For the first time in years, scientists have isolated a new antibiotic from soil.  A team of scientists at Northeastern University developed an innovative technique which involved successfully growing the soil bacteria in a natural environment, overcoming the prior limitation that only certain lab-grown cultures were suitable for antibiotic production. This new antibiotic comes just when the threat of antibiotic-resistant infections is growing.

The antibiotic has so far only been tested  in mice, but even if this particular drug is never tested in humans, the new cultivation technique opens the possibility of more promising compounds.

In a 2008 paper, Brad Spellberg and colleagues (representing the Infectious Diseases Society of America) lay out the causes of antibiotic resistance and why efforts to address it on a medical, pharmaceutical, or policy level have been so feeble. Antibiotic resistance occurs when bacteria develop immunity to common antibiotics such as penicillin. When resistant, a simple infection ( e.g. strep) becomes dangerous since it is so difficult to treat. Many bacteria are now resistant to multiple antibiotics, so simply switching to a new drug won’t always help.

Spellberg points out that in the 1960s, thanks to the effectiveness of antibiotics, health authorities believed that infectious disease would soon be a thing of the past. At the time such optimism seemed justified. Now we risk returning to the days when death from common bacteria was not unheard of.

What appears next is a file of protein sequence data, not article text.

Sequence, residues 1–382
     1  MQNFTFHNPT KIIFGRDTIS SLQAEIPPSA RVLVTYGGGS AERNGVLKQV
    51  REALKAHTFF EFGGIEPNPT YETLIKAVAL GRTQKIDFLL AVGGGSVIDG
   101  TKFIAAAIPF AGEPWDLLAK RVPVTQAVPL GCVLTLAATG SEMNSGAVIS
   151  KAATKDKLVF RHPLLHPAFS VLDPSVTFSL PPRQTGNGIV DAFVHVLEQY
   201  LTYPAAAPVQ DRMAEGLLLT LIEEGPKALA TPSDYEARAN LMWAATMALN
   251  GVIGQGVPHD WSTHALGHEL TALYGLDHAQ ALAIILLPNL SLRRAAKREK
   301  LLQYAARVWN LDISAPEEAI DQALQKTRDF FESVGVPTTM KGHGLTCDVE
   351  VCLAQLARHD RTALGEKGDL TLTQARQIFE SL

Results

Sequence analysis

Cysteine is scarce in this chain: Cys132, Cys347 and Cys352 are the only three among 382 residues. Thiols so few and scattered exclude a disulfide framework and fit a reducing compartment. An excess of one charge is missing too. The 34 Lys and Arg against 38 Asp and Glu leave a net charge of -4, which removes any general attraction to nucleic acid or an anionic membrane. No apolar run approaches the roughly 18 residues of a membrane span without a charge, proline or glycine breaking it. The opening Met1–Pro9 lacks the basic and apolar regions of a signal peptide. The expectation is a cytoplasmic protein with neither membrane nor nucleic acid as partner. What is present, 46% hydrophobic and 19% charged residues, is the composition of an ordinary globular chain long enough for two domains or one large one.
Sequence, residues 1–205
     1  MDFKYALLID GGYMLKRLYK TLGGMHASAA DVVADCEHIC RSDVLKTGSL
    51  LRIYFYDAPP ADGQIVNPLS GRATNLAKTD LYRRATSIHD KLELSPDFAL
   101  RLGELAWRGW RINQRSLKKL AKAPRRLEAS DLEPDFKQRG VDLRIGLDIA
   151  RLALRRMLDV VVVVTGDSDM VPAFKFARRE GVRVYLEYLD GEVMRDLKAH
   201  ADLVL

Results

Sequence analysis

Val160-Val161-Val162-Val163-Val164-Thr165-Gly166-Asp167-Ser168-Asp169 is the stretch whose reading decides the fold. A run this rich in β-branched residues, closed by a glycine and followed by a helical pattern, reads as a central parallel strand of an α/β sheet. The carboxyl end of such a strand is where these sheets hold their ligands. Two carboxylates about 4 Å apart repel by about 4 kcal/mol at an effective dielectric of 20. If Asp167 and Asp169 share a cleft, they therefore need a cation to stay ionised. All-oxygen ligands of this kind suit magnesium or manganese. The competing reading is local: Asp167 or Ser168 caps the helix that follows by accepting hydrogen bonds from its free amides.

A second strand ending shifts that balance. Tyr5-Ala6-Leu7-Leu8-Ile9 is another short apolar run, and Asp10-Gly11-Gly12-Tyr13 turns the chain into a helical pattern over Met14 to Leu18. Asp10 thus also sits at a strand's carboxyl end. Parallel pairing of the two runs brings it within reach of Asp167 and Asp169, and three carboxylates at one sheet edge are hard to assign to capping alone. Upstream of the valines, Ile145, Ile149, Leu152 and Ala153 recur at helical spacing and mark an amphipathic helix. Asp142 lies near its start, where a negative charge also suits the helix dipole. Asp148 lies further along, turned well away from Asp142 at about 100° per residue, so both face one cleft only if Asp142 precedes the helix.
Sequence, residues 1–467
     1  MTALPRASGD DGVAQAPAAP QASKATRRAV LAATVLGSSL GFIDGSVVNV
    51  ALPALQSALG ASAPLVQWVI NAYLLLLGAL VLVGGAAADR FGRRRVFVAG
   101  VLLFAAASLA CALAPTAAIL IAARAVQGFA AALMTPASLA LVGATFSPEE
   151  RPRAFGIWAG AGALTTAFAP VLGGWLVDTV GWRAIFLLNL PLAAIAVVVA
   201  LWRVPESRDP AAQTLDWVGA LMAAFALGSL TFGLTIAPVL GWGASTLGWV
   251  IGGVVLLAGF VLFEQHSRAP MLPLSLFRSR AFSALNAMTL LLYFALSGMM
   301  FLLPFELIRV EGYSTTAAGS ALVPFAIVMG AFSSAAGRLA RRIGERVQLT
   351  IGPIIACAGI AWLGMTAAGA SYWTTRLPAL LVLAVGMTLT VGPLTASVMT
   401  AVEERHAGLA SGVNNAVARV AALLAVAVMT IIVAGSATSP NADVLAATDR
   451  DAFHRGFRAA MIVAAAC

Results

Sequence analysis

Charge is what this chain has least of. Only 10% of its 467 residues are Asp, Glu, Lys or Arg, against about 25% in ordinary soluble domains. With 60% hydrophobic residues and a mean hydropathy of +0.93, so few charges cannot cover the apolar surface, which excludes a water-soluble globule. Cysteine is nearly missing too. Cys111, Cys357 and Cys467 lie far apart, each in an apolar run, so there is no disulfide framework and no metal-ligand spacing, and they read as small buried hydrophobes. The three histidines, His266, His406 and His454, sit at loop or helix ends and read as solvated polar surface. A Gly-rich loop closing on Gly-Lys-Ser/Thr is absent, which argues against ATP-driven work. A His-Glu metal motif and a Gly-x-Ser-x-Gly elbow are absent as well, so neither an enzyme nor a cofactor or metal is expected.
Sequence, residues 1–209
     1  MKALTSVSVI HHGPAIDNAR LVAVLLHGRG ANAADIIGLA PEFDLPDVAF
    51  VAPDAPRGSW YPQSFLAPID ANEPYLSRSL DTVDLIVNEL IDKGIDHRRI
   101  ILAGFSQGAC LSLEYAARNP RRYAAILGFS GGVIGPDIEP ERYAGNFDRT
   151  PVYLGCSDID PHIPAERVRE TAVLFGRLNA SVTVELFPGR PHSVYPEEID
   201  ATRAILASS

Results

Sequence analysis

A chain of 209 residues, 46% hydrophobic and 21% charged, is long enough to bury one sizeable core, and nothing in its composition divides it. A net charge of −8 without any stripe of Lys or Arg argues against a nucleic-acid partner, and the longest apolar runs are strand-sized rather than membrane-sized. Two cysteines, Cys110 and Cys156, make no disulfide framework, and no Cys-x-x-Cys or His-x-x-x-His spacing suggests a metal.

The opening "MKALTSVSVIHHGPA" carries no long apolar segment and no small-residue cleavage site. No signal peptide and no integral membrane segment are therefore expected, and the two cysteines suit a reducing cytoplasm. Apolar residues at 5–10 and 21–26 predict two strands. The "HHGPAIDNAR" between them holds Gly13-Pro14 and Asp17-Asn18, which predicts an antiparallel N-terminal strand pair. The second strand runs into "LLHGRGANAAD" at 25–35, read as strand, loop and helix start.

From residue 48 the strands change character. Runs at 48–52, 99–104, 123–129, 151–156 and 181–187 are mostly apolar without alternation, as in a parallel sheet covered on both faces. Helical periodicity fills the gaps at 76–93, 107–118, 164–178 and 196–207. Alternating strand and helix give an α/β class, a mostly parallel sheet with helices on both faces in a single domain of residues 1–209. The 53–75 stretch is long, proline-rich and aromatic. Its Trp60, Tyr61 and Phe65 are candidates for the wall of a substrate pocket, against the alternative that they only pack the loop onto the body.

How did we reach this point? The bottom line is that bacteria are excellent at evolving. Bacteria have an incredibly rapid generation time, hours in some cases, and there are more bacteria on Earth than anything else. Together, these two characteristics guarantee both that bacteria will be exposed to antibiotics and that they are bound to develop mutations leading to antibiotic resistance eventually.

Practices that lead to overuse, e.g. doctors overprescribing antibiotics for viruses (viruses are not impacted by antibiotics), unnecessary use of broad-spectrum agents, and the widespread non-medical use of antibiotics in agriculture make the problem worse, increasing bacterial exposure to antibiotics and rapidly speeding the pace of resistance development. These activities must be urgently curtailed in order to buy time but Spellberg believes that drug resistance is inevitable.

Effectively, we are trapped in a never-ending arms race with bacteria, and the only option is to develop new antibiotics on a regular basis. Antibiotics are not very profitable, so pharmaceutical companies are loathe to develop them. Very few new antibiotics have come on the market in recent decades.

Low margins put humans well behind in the arms race, which is probably also inevitable, but it’s galling that profit is the proximate reason. Lawmakers and regulators are also very protective of agriculture and have been slow to enact limits on overuse (the FDA has recently begun to impose restrictions on non-medical antibiotic use).

This new discovery comes in the nick of time. A chemical quirk of the new compound will make it difficult for bacteria to develop resistance, but bacteria are crafty buggers. If this new antibiotic works, it will give humans time to get back in the arms race. We all can do our part by skipping the antibacterial supplies. No bacteria will ever evolve immunity to soap.

 

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Clinical Infectious Diseases, Vol. 46, No. 2 (Jan. 15, 2008), pp. 155-164
Oxford University Press